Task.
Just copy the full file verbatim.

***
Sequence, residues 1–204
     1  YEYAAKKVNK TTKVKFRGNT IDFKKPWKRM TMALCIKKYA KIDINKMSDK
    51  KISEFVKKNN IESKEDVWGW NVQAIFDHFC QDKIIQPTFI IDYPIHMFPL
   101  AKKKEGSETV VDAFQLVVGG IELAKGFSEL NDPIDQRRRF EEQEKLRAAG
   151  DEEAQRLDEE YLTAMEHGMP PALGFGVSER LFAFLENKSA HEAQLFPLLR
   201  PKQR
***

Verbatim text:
Sequence, residues 1–204
     1  YEYAAKKVNK TTKVKFRGNT IDFKKPWKRM TMALCIKKYA KIDINKMSDK
    51  KISEFVKKNN IESKEDVWGW NVQAIFDHFC QDKIIQPTFI IDYPIHMFPL
   101  AKKKEGSETV VDAFQLVVGG IELAKGFSEL NDPIDQRRRF EEQEKLRAAG
   151  DEEAQRLDEE YLTAMEHGMP PALGFGVSER LFAFLENKSA HEAQLFPLLR
   201  PKQR